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National Museum of Australia

Collection Explorer

4

Collections

  • Josef Lebovic Gallery collection no. 1(7553)

    Chickens hatching
    Don't forget - it must be Cobra Polish
    Robbery Under Arms, No. 6
    Our Boys Blotter Correspondence Card
  • Dr Karel Kupka collection(71)

    Painting depicts the creation of the constellation,
    Painting depicts three figures in canoe, each with a fish on the end of a line.
    Bark painting 'Two Mimi Spirits (males) dancing' by Paddy Compass Namatbara, Croker Island, 1963
    Turtle
  • William Beausang collection(24)

    Painting of The Southern Cross by John Allcot
    The Sky's the Limit by J.M. Spaight
    Photograph album containing historic aviation photographs
    Story of the Southern Cross Transpacific Flight 1928

    The collection consists of approximately 140 items relating to Australian aviation, war service, the Australian Broadcasting Corporation (ABC) and the Sydney Symphony Orchestra. The items were collected by Mr William Beausang during his life and formed part of his wife's estate. The collection includes a painting of the Southern Cross by John Allcot, photographs of Sir Charles Kingsford-Smith, early aviators and planes, signed photographs of concert musicians and conductors, newspaper articles, miniatures of Beausang's World War One medals, a strip map and several books.

    William (Bill or Liam) Beausang was born in Youghal, County Cork, Ireland on 22 May 1900. He travelled to Australia in 1924 after distinguished military service and began working with Kingsford-Smith as an engineer in the late 1920s. The large amount of aviation-related material in the collection reveals Beausang's engagement with the celebrity, memorialisation and commemoration of Kingsford-Smith and other aviators, with Beausang's own contribution in the form of articles and photographs a significant part of the collection. The material related to the ABC and Sydney Symphony Orchestra also highlights the place of classical music in wartime Australia and the cultural importance of visits by celebrated musicians to Australia in the 1940s and 1950s.

  • Lockhart River Aboriginal Arts and Cultural Centre collection(13)

    Waatyl grass basket (punya)
    Loya cane and pandanus coiled basket
    Woven pandanus leaf headband
    Woven oval pandanus and loya cane tray
  • National Sports Information Centre collection(37)

    Black and white autographed photographic postcard of Mary E, 1917
    Black and white photograph of US swimmer Olga Dorfner
    American and NSW women swimmers at Toowoomba, Queensland, 1911
    American and NSW women swimmers at Toowoomba, Queensland, 1911
  • Dr Helen M Wurm collection no. 5(60)

    Rainbow snake.
    Bark painting 'Nimbuwa rock' by Bobby Barrdjaray Nganjmirra, Gunbalanya, 1968
    Emu.
    Maraiin
  • L Richard Smith breastplate collection(20)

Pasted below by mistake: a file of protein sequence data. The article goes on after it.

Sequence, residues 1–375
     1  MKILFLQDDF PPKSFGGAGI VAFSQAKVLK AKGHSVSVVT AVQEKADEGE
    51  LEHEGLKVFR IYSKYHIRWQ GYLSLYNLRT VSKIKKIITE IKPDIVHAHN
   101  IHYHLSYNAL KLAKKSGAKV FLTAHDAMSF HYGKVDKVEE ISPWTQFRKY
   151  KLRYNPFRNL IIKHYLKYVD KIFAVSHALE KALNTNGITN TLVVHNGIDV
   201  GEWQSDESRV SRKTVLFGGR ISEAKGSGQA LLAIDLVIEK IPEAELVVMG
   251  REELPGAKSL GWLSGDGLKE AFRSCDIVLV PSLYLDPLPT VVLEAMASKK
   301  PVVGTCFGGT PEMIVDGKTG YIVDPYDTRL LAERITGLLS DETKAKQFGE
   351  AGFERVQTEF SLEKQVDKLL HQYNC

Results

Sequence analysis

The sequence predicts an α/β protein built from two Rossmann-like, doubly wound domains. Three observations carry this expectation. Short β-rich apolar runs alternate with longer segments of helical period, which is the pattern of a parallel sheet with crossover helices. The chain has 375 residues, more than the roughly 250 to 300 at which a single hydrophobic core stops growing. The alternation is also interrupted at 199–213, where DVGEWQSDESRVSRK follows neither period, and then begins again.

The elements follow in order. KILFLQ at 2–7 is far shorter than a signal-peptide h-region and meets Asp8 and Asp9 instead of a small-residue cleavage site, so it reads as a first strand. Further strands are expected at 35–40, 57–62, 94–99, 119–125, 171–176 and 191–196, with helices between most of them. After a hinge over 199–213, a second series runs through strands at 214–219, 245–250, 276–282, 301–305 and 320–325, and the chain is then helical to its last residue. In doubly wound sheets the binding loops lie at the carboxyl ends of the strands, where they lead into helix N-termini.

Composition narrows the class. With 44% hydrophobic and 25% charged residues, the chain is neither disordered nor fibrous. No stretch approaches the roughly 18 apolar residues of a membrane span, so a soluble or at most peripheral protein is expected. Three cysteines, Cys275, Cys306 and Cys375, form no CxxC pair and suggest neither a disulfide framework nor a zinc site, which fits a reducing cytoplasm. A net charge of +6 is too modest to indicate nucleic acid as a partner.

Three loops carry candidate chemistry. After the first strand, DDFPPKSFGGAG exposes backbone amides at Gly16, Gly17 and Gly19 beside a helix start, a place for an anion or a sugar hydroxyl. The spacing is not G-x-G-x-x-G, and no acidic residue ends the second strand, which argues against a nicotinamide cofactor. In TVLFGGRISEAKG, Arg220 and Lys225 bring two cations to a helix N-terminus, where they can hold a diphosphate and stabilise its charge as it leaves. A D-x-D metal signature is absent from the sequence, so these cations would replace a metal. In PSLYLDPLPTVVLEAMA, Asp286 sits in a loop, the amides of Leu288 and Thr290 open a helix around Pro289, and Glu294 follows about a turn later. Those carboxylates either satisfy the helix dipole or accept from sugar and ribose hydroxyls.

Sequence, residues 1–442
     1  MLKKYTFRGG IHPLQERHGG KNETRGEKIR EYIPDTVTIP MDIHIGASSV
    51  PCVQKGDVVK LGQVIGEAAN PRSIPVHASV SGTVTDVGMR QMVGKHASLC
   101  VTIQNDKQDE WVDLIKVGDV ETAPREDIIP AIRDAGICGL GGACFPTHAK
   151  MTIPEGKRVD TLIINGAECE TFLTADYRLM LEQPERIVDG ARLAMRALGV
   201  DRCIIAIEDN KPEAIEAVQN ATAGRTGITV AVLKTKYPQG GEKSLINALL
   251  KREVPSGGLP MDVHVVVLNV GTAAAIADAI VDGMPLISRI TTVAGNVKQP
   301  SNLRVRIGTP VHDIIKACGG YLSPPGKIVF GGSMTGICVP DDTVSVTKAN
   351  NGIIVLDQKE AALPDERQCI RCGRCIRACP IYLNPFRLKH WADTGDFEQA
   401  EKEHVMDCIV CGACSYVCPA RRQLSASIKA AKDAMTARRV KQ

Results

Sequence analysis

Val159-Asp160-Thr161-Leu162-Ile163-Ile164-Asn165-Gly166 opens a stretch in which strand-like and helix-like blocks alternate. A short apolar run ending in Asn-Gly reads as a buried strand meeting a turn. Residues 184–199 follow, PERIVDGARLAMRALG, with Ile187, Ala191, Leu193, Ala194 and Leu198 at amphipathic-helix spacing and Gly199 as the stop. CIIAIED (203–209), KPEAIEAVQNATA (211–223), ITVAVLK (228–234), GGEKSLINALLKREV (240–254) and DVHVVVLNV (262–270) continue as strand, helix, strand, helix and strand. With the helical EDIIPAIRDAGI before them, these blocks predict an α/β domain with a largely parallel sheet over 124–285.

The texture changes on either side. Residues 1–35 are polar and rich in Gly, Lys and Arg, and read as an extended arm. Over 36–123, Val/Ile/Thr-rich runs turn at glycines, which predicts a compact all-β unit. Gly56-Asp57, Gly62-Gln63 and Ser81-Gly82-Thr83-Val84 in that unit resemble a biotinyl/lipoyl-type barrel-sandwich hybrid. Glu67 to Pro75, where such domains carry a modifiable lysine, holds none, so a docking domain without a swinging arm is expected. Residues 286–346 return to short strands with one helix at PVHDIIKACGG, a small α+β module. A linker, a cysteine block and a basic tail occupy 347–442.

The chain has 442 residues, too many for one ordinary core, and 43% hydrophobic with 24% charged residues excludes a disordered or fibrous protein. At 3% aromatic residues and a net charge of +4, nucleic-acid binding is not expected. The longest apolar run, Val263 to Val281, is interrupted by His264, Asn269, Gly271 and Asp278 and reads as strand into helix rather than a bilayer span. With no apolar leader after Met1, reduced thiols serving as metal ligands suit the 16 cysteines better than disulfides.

Peter, Chief of Warangesda Mission
    Brandy Uanda
    King Pepper of the Biria Burdekin River 1897
    Tommy, King of Connai

    This collection is comprised of seventeen Australian Indigenous breastplates (also known as king plates or gorgets). They come from a collection accumulated by L. Richard Smith, a noted collector of medals and porcelain. The breastplates are associated with Indigenous people from Queensland, New South Wales and Western Australia. The breastplates are all metal, of varying size, and are generally crescent shaped. Each is inscribed with the recipient's name, and many include an associated region and an honorary title such as 'king', 'queen' or 'chief'.

    During the nineteenth and early twentieth centuries, government authorities and settlers gave breastplates to Indigenous people for a variety of reasons. They were used as a way of selecting and identifying local elders to act as intermediaries between settlers and local Indigenous people. They were also given out in recognition of service and/or assistance (for example to Aboriginal stockmen or for saving people from ship wrecks). As such, they are significant cross-cultural objects that document early interaction between Indigenous and non-Indigenous peoples in different regions of Australia. They often record the names of Indigenous people, and the station or region with which they are associated; people who are not otherwise represented in historical records. The collection is also significant in expanding the geographical scope of the National Museum's existing breastplate collection.

  • Springfield - Faithfull Family collection(3501)

    Extract from Mr Charles Matcham's letters to a relative in England 1834
    Typescript of Pearl Faithfull's [Lady Dilke] reminiscences of Springfield
    School report
    Dance program for St Leonard's Private Subscription Dance, Friday 11th June 1886

    The Springfield Collection comprises about 1550 artefacts from Springfield station, south of Goulburn. It includes colonial era costume, a bushranger medal, surveying instruments, a late-19th century landau, firearms and edged weapons, wool samples and Joseph Foveaux's pocket watch and bible. The objects are complemented by over 400 photographs. This diverse collection reflects the growth and economic success of the property, responses to changes in the wool market and the daily lives of the people who have lived on Springfield.

    Springfield has grown from a 518-hectare land grant given to William Pitt Faithfull in 1828 to the current 3183 hectares with ownership remaining in the one family. William Pitt Faithfull established the Springfield Merino Stud in 1838 with ten rams selected from the Macarthur Camden Park stud. The stud evolved slowly over the years until the early 1950s when, under the management of Jim Maple-Brown, a scientific approach to wool-growing was adopted and the stud's name was changed to Fonthill to reflect this.

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